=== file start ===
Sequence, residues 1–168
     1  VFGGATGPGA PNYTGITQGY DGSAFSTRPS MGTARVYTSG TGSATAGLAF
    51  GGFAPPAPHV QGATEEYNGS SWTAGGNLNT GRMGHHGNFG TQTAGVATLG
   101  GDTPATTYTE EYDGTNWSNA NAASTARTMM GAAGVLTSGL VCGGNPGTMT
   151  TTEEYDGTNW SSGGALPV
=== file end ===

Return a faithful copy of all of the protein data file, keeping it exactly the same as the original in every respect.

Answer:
Sequence, residues 1–168
     1  VFGGATGPGA PNYTGITQGY DGSAFSTRPS MGTARVYTSG TGSATAGLAF
    51  GGFAPPAPHV QGATEEYNGS SWTAGGNLNT GRMGHHGNFG TQTAGVATLG
   101  GDTPATTYTE EYDGTNWSNA NAASTARTMM GAAGVLTSGL VCGGNPGTMT
   151  TTEEYDGTNW SSGGALPV